SOME things will never add up, therefore, making it difficult to explain. One such thing is poverty in Africa. Aside its many definitions, African countries have struggled to get their people out of poverty — to improve their well-being and make it easy for their people.
For nearly seven decades since the continent started attaining independence, its countries have gone 360 degrees in search of appropriate policies on how to get things right — from modernisation, South-South Cooperation to the Look East policies. They have looked everywhere for ideas but never within their countries.
At independence, most African countries remained economically attached to their former colonial administrators with the hope that development and growth would diffuse from the developed to the developing countries. Perhaps, African leaders at the time were oblivious that the colonial relationship was simply exploitative and self-centred. You cannot blame western governments for that as they have responsibility to their citizens.
Over the decades, there has been numerous attempts to detach from Western policies in search of alternatives due to the insensitivity of western development and policy approach to countries outside the western block. Some of the outcomes of those attempts is the South-South Co-operation, where the leaders of South American and African countries hoped that their strengthened co-operation would usher in a new world order and counter Western dominance. Simple logic dictates that you cannot successfully counter dominance without building your own strength. Moreso, countering dominance does not translate into development or economic growth. Asian countries did it without countering anyone.
While there have been huge economic improvements in some of the South American countries such as Brazil, Argentina, Colombia, Venezuela, Chile and others, the same cannot be said of Africa. The reason for this disparity is plain simple. South American countries developed models that were suited to their contexts, because they realised that local ownership of development is, in spite of, what western countries have attempted to impose, crucial for their progress. And it paid off and yet for African countries, the same policies were simply implemented in speeches at global events and never in their countries.
A lesson to draw from South American countries is that a country develops and experiences sustainable economic growth when its economy is owned and controlled by its people. That lesson also helps us to realise that the current political environment in Africa offers the possibilities, but its leaders must take leadership in developing locally-driven productive economic policies that place their people at the centre. There are options, one of which is to bring together all the big business people in and outside the country together and let them lead the process of establishing a local economic core group with the support of the government. The South African economy hinges on the same model.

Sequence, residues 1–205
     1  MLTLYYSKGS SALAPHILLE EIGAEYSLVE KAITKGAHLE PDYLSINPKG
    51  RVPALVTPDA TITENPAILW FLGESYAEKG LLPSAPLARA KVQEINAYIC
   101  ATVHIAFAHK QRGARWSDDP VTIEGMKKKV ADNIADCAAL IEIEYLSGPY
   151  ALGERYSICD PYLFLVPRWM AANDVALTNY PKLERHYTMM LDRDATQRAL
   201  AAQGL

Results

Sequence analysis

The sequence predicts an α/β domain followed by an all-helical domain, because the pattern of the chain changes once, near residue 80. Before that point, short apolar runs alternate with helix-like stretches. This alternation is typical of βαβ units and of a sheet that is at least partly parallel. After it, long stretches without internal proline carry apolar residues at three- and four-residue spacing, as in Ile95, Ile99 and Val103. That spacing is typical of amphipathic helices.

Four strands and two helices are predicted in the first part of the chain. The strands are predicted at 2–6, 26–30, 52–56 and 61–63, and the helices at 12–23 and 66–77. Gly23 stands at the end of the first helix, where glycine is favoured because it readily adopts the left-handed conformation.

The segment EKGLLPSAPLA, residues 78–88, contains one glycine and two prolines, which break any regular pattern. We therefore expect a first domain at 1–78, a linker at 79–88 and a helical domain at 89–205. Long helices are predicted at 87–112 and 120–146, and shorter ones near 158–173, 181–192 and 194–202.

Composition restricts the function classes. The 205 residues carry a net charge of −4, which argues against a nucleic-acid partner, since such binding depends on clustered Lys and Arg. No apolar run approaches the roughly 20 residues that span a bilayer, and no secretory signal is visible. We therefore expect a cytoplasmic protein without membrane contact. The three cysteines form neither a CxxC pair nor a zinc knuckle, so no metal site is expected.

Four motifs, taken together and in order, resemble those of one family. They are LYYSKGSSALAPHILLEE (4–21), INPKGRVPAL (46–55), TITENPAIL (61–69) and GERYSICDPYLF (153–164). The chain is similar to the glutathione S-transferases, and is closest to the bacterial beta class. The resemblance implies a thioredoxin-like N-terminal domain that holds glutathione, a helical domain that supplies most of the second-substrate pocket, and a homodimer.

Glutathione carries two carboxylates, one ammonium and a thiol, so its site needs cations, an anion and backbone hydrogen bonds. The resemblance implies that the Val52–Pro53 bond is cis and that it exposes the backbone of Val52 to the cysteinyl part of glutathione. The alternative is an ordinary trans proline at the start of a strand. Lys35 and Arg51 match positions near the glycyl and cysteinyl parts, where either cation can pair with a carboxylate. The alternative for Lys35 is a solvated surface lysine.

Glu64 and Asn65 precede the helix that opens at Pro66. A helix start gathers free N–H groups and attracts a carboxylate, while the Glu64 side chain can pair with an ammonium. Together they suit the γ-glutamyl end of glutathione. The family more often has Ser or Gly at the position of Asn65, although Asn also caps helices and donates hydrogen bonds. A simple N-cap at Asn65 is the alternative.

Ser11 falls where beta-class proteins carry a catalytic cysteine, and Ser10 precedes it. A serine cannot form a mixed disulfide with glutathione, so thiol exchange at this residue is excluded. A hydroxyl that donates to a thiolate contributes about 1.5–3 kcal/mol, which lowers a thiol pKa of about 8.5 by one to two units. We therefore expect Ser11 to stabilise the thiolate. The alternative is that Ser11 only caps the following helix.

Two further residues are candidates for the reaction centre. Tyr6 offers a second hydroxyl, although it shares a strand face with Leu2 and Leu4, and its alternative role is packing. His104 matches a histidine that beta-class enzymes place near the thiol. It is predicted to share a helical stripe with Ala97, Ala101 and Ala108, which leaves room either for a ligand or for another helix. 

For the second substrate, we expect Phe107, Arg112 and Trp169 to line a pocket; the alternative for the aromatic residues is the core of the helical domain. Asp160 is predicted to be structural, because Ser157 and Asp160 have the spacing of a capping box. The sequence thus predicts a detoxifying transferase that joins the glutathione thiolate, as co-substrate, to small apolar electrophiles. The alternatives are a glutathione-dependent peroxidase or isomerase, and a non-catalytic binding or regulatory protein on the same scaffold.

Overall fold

It is the same approach that has transformed Asian countries. With the rise of the Asian countries, we also switched and looked East purely for nothing but pretending to copy ideas, yet the real reason was to spite the West. It is only today that some African countries have started to realise that in all these policy shifts, we were simply exposing ourselves to external exploitation. It is for the same reasons that most African countries have not come up with their own local context-driven development models and yet have remained aligned to external ideas.
To put it in plain and simple terms, we have not developed policies based on home-grown ideas. Borrowing ideas is part of learning but we have overly depended on external ideas to frame what we have referred to as our development policies. No country in the world has developed from external ideas because they are designed to favour their originators. Development and politics are not an act of religion, where fairness is an underlining principle. While it sounds politically correct to preach the gospel of Zimbabwe is now open for business in foreign lands, but none of that foreign audience has an interest in seeing Zimbabwe overtake their countries, as doing so simply means surrendering economic and political power.
Our poverty is an outcome of our inability to conceive home-grown ideas and to use what we have to our benefit. Simplistic as it may appear, let us put things into perspective. Africa is a rich continent compared to others and our politicians have taken pride in that. More than 30% of the world’s natural resources are imbedded in Africa’s land mass.
In addition, more than 60% of the world’s arable land is in Africa, which makes it the largest fertile land in the world. We hold the keys to the world’s future food security if we are wiser now. If sub-Saharan Africa grew at more than 5% for a generation, its people would have the same wealth levels as Argentina today. Growth at three to four per cent would bring them up to Brazil’s levels.
There is a good possibility of transforming the wealth in the ground into prosperity to benefit people in Africa, especially young people looking for employment. However, this promising scenario will not materialise without fundamental commitment on the part of governments to a set of policies that focus on local empowerment with the goal of building a local economy. If these resources converge with home-grown ideas, the word poverty would be a thing of the past in the not too distant future but alas its people and leaders are beggars of ideas and finished products. That is why half a billion of its people still live near or below the poverty datum line and yet the beneficiaries of its natural resources live a comfortable life.
Tapiwa Gomo is a development consultant based in Pretoria, South Africa